Glasgow continued

“I first wrote occasional pieces on Mackintosh 40 years ago, initially when his little Martyrs’ School was threatened with demolition for city-centre motorway, when Thomas Howarth was republishing his early biography, and as Mackintosh’s own house was being strangely reconstructed one street away from its original site. Having written a book on architectural drawing, I was commissioned to produce one on Mackintosh’s drawings, but the publishing house was bought out and the project vanished.

By 1990 I was convinced there was space for a big pictorial book to introduce Alexander Thomson, Glasgow’s greatest architect, to a wider public. The publisher Colin Baxter promised he would do that if, first, I agreed to write on Mackintosh for him.
(Further Mackintosh Bibliography) My ‘pocket guide’ proved valuable and in print continuously for over a dozen year. My big book on Mackintosh, produced with Colin’s photography for Lomond, attempted something new: to see Mackintosh’s life as a whole and try to form some coherent sense from that. From that work, and further study of Aspergers Syndrome and the psychology of perception, I have developed a thesis relating Mackintosh’s personality and abilities to his design and, particularly, painting output. ‘Who was C R Mackintosh?’ was given as the annual lecture to the James MacLaren Society, Fortingall, Perthshire, May, 2009 and then at the Charles Rennie Mackintosh Society headquarters in November. Further refined, it was delivered to The Regency Society of Brighton and Hove and then CRM Society in London and later to the CRM Society in Bath, October and to the CRM Society, York, November 2010.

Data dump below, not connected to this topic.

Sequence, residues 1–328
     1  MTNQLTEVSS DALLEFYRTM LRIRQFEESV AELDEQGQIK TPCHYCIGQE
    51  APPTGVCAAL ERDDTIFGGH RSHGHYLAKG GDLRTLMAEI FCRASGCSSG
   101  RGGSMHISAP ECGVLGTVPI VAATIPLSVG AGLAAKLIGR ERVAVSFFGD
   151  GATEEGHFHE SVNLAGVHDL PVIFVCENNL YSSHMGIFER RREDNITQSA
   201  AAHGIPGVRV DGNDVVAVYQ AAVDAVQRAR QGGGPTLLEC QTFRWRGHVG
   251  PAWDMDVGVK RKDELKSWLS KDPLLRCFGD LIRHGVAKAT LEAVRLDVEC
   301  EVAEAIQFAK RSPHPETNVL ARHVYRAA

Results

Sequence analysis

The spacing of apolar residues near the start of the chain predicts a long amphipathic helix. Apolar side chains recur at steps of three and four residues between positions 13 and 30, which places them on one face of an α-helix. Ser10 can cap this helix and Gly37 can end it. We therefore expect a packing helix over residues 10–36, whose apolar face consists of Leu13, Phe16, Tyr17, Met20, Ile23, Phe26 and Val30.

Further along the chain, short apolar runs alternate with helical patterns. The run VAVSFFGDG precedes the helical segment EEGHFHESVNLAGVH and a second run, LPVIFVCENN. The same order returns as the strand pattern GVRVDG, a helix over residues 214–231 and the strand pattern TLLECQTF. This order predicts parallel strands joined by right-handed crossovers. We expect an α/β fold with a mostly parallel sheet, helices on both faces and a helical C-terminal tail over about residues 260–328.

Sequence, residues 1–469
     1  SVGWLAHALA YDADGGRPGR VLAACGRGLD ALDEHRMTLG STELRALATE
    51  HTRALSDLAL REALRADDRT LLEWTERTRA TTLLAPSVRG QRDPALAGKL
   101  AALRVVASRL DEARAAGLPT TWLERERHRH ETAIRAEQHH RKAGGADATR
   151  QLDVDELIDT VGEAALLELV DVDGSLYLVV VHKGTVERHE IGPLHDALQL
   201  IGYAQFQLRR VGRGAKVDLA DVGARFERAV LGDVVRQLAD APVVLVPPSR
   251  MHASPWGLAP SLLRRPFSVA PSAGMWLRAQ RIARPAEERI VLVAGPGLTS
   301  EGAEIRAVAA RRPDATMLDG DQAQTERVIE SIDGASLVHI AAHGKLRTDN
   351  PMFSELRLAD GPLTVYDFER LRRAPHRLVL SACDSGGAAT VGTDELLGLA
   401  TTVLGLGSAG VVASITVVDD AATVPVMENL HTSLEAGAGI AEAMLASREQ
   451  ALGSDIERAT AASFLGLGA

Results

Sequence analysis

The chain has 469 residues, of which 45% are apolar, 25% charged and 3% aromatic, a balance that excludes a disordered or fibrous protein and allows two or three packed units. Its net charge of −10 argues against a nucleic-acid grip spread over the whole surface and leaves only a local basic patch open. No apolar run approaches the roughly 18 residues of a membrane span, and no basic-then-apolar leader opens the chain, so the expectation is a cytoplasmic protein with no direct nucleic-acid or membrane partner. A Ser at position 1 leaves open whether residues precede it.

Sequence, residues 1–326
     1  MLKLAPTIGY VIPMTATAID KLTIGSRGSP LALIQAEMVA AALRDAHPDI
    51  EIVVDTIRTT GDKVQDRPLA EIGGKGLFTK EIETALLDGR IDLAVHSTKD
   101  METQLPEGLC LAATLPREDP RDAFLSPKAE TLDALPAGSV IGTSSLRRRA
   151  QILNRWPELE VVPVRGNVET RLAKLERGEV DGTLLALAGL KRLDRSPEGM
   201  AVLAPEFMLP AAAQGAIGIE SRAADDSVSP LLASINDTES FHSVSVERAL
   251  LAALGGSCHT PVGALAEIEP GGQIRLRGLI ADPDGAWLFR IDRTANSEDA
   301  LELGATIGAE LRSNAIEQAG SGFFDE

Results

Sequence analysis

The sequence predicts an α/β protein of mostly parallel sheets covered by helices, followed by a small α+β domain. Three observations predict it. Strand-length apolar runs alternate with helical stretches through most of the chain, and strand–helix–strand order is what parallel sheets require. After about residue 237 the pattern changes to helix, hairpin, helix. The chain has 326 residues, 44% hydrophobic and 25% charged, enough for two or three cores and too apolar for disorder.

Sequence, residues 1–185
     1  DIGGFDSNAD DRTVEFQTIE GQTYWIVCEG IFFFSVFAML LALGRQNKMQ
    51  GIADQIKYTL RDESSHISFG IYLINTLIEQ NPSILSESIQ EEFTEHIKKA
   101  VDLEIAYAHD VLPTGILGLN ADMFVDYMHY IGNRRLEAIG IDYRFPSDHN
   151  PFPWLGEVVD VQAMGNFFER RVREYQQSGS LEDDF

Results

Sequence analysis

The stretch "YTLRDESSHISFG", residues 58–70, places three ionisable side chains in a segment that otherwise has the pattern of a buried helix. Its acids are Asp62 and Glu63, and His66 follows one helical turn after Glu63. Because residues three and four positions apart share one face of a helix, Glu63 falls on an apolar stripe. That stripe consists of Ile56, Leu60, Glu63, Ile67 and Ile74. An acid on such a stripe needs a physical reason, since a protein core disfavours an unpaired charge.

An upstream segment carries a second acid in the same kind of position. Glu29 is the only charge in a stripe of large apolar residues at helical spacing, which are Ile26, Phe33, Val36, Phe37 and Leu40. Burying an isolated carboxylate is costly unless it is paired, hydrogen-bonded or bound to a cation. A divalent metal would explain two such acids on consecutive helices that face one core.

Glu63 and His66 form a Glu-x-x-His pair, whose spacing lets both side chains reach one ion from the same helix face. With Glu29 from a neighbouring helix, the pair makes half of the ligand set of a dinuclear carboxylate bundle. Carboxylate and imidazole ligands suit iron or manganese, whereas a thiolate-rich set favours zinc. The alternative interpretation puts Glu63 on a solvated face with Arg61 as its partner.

A study of Mackintosh as Interior Architect was commissioned by Colin Baxter, but put to one side. I am keen to resurrect this project which, I hope, will be an original study. The subject does not seem to have been looked at as a whole, and my plan grows from enthusiastic responses to my lecture (first given at the invitation of 20th Century Society) on the subject. Mackintosh’s work of all other sorts – from flower drawings to furniture, from French paintings to the architecture generally, are now exhaustively published. His works in interior architecture are not; and they remain, I argue, his most original contribution.

Anyway, I did my part of the ‘if-Mackintosh-then-Thomson’ bargain, and enjoyed it. But the publisher didn’t reciprocate. Happily, the energies of Gavin Stamp arrived in Glasgow, and Thomson found well-deserved spotlights.

My graduate thesis (1970) had been the first study (as far as I am aware) of this major 19th Century architect’s intentions and work. (McFadzean’s PhD on Thomson was later completed and then soon published). Early in the 1980s my renewed work on Thomson grew from invitations to lecture in Glasgow at the Architectural Assdociation in London, and resulted in various texts. Here is one essay about his relation to the city, and here I list my other writing about him.

My initial writing on Glasgow was in angry response to the massive-scale redevelopment which destroyed so much of the city during my student days. In 1972 I founded MOTORWAY MOVEMENT with my brother Charles, as a locally-based protest movement against the construction of more central urban motorway in Glasgow, and the unbalanced concern for private motorists at the expense not only of the Glaswegian environment but also of the vast majority of their fellow citizens. It raised much local, national and international support; 6000 signatures of protest were quickly assembled, packed local meetings were held, etc. The motorway was stopped.

I wrote on the subject in all the technical press, The Times, Private Eye, local papers and amenity society magazines. In 1973, I discussed Glasgow’s motorways in a Radio 4 programme on community action and later took part in a two-sided 30-minute debate on the question of inner city motorways on Scottish Television (STV).

The other participant, a pro-road professor of civil engineering, took over from Sir Colin Buchanan who withdrew at the last minute.

Later my writing on Glasgow widened and deepened, centering on a long study, ‘Lights and Shadows’, written in response to a request for an essay on the city’s ‘personality.’”

Further Glasgow Bibliography